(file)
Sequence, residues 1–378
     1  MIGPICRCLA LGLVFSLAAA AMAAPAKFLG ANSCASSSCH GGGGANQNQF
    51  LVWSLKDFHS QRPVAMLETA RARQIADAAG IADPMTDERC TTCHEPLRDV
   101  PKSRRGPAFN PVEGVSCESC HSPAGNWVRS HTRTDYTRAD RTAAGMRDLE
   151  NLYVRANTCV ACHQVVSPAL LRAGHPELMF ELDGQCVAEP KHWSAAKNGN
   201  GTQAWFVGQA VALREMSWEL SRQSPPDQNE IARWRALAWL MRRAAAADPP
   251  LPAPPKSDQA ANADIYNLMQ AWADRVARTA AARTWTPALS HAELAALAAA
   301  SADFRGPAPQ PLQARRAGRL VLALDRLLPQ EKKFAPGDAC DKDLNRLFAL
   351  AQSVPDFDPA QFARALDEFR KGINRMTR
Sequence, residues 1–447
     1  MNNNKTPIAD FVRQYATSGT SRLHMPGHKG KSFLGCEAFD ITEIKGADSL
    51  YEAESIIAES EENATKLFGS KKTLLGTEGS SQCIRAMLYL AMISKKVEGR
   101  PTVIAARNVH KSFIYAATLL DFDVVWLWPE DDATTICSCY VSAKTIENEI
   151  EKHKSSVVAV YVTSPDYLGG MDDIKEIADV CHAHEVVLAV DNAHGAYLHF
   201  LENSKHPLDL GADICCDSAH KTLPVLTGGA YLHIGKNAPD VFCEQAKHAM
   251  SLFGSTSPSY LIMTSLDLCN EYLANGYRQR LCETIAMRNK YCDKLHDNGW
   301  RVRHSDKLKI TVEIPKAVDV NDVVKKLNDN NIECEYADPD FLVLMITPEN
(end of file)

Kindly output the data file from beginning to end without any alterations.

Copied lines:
Sequence, residues 1–378
     1  MIGPICRCLA LGLVFSLAAA AMAAPAKFLG ANSCASSSCH GGGGANQNQF
    51  LVWSLKDFHS QRPVAMLETA RARQIADAAG IADPMTDERC TTCHEPLRDV
   101  PKSRRGPAFN PVEGVSCESC HSPAGNWVRS HTRTDYTRAD RTAAGMRDLE
   151  NLYVRANTCV ACHQVVSPAL LRAGHPELMF ELDGQCVAEP KHWSAAKNGN
   201  GTQAWFVGQA VALREMSWEL SRQSPPDQNE IARWRALAWL MRRAAAADPP
   251  LPAPPKSDQA ANADIYNLMQ AWADRVARTA AARTWTPALS HAELAALAAA
   301  SADFRGPAPQ PLQARRAGRL VLALDRLLPQ EKKFAPGDAC DKDLNRLFAL
   351  AQSVPDFDPA QFARALDEFR KGINRMTR
Sequence, residues 1–447
     1  MNNNKTPIAD FVRQYATSGT SRLHMPGHKG KSFLGCEAFD ITEIKGADSL
    51  YEAESIIAES EENATKLFGS KKTLLGTEGS SQCIRAMLYL AMISKKVEGR
   101  PTVIAARNVH KSFIYAATLL DFDVVWLWPE DDATTICSCY VSAKTIENEI
   151  EKHKSSVVAV YVTSPDYLGG MDDIKEIADV CHAHEVVLAV DNAHGAYLHF
   201  LENSKHPLDL GADICCDSAH KTLPVLTGGA YLHIGKNAPD VFCEQAKHAM
   251  SLFGSTSPSY LIMTSLDLCN EYLANGYRQR LCETIAMRNK YCDKLHDNGW
   301  RVRHSDKLKI TVEIPKAVDV NDVVKKLNDN NIECEYADPD FLVLMITPEN